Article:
If Anita Bryant is right and a day without orange juice is like a day without sunshine, then an Apple Days without apples is like a cold, windy day in October without sunshine. It wasn’t really all that bad—it could have rained. Blame it on an off year for the apple trees, plus a long rainy spring that was lousy for pollination, but apples were hard to find. Despite a concerted community effort to comb every pock-faced apple off of every tree, there was barely a bushel to show for it. Still, in typical Marlboro fashion the students did not let it get them down, and they pressed that bushel of apples into the most delicious looking quart of cider this side of Route 9. There was also music, dancing, donuts hanging on strings, hacky-sack and shoulder rubs all around for those who love to be outside in the cold and wonder where the apples are.
Of course the highlight of every Apple Days, except for those unfortunate enough to participate, is the apple-pie eating contest. Six teams of two paired up across the table from each other, and after much animated discussion all agreed not to use their hands. What followed is so disgusting I really can’t relate it without taking some Dramamine first, but needless to say it got a little messy. Several contestants passed entire apple slices through their noses, and in the end I swear junior Georgio Tsangaris still had half a pie in his cheeks. In the pan-licking finale, two teams came in at a draw, freshmen Ned White and Noah Cook, known as “the devourers,” and juniors Devin Willmott and Devin Green, known as “the Devins.” In the best Marlboro democratic tradition the rightful winners were put to a voice vote, but that still sounded like a tie (there was no movement for an Australian ballot) so the four pie-smeared victors shared the coveted prize, a purportedly solid gold apple.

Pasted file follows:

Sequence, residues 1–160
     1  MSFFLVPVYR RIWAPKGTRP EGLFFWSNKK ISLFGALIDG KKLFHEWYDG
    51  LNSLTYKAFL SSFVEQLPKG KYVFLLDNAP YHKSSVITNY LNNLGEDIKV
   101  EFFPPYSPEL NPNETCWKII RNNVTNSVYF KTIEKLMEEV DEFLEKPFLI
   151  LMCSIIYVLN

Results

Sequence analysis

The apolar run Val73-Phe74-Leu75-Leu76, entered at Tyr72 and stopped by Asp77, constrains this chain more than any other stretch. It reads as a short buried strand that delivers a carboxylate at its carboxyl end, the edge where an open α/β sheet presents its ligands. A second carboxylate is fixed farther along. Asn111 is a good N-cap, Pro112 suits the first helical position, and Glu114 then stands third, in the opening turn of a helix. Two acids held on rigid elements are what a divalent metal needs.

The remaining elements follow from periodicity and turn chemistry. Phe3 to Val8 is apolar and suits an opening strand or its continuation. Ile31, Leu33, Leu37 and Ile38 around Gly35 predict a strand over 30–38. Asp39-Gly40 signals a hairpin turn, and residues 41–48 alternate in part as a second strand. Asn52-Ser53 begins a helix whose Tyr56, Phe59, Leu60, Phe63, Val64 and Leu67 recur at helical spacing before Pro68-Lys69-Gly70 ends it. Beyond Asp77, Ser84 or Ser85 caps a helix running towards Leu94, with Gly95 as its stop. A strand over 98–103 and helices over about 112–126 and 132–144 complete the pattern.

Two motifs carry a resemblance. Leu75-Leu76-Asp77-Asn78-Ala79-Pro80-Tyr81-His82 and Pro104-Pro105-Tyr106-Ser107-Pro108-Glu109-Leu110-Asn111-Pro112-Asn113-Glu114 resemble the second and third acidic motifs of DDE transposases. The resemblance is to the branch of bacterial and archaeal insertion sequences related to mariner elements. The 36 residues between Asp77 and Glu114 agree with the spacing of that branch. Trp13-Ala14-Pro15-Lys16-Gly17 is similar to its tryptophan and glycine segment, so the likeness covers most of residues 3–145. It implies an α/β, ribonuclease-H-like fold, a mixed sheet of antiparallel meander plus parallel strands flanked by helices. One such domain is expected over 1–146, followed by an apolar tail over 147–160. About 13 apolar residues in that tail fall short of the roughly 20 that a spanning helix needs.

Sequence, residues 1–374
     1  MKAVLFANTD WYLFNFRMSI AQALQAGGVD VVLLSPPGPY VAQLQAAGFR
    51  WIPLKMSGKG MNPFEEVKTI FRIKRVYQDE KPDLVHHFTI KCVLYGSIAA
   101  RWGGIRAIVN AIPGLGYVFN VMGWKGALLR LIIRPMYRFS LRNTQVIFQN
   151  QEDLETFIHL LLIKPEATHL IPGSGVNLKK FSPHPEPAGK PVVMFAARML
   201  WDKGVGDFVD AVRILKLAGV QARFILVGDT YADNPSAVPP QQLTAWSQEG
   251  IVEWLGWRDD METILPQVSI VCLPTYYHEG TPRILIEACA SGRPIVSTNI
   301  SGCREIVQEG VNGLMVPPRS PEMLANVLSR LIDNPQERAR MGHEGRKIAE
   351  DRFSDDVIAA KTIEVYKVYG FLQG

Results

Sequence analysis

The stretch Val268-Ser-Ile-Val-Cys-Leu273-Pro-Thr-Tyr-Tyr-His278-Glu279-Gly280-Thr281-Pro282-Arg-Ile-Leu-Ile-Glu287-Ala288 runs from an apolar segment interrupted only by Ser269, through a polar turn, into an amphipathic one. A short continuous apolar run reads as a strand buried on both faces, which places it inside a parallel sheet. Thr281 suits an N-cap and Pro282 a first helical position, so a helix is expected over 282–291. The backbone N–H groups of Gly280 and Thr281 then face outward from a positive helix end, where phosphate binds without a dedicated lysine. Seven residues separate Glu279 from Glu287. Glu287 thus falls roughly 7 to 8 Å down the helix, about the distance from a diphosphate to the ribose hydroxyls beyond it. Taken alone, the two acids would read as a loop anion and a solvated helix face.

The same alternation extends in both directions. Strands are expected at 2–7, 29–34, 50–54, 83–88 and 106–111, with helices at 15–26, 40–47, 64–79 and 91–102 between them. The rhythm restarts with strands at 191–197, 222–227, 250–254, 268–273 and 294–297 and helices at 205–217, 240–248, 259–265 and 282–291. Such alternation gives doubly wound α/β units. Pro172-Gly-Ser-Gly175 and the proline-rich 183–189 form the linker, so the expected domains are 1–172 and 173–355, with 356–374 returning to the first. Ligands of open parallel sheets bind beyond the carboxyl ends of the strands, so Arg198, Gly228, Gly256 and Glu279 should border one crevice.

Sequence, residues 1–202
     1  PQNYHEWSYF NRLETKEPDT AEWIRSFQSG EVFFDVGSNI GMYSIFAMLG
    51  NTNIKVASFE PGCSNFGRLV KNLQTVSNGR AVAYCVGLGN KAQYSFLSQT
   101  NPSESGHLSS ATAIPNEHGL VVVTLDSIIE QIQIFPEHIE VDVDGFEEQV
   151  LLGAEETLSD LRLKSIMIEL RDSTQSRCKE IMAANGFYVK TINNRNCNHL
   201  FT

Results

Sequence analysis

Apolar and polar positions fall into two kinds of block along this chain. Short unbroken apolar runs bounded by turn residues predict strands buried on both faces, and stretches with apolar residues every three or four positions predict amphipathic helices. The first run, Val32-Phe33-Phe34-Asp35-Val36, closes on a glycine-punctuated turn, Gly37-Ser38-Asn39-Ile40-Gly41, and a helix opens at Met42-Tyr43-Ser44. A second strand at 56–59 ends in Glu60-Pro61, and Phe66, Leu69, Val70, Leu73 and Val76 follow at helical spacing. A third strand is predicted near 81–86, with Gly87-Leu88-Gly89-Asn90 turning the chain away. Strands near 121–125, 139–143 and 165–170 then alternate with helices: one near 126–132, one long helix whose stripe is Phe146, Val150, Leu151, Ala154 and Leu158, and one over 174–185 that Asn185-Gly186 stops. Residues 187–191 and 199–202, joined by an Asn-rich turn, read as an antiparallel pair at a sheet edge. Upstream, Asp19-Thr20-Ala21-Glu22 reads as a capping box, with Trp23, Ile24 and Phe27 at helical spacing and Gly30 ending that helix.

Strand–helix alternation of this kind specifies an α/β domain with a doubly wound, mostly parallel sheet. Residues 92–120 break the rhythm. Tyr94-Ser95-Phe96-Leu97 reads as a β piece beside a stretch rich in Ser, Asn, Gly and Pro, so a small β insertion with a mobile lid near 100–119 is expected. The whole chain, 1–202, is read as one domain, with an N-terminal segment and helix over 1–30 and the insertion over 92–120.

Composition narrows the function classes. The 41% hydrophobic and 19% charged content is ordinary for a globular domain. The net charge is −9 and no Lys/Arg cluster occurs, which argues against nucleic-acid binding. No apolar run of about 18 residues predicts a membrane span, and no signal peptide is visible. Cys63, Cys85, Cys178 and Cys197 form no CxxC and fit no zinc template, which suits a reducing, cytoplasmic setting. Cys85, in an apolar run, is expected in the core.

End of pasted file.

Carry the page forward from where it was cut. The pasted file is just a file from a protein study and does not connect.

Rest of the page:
If you will suffer me being serious for a moment here, the earth is in seriously deep doodoo. That was the message of the lecture last night by Vermont Law School professor Pat Parenteau, who has made a career of environmental conservation law. This man had more depressing statistics at his fingertips than anyone I have ever met, and he shared them with such authority that the group sense of gloom in Ragle Hall was palpable. For example, an estimated 27,000 species will go extinct this year, and the rate is rising steadily. One species alone (guess who) consumes half of the biomass consumed on earth. People in the U.S. produce eight times more greenhouse gasses, per capita, than people in China do. Ouch. Ouch. Ouch.
Pat’s talk was titled, “Can the Endangered Species Act Save the Polar Bear?” and the short answer is “no.” Although the ESA is considered one of the most powerful tools in conservation, with many successes from bald eagles to black-footed ferrets, our man Pat judged the law inadequate to deal with widely expected level of climate change. Polar bears make their living hunting on the Arctic ice, which literally has a snowball’s chance in hell. The Arctic Ocean is expected to be ice-free in the summer by 2013 (that’s when this year’s freshmen will graduate, in case you’re not paying attention), and polar bears will be reduced to two-thirds their population by the end of the century. Ouch. Ouch. “No matter what the ESA does, the future is forfeited on polar bears,” Pat said.
This somber news definitely got under my skin, but of course that was Pat’s purpose. He hopes that by forecasting mostly cloudy and extinctions for polar bears and many other species (between one third and two thirds the species on earth)(ouch) he will inspire people to act, to speak out, to contact their representatives. He even encouraged all of us to contact senators and congressmen in other states, for example where coal is king and corn ethanol is queen. With some pressure on the home front, the U.S. may show stronger leadership in the next international climate treaty, replacing the Kyoto Protocol, to be hammered out at a climate conference in Copenhagen this December. On a hopeful note, Marlboro sophomore Drew Tanabe will be at that very conference representing SustainUS, a national youth NGO promoting sustainable development.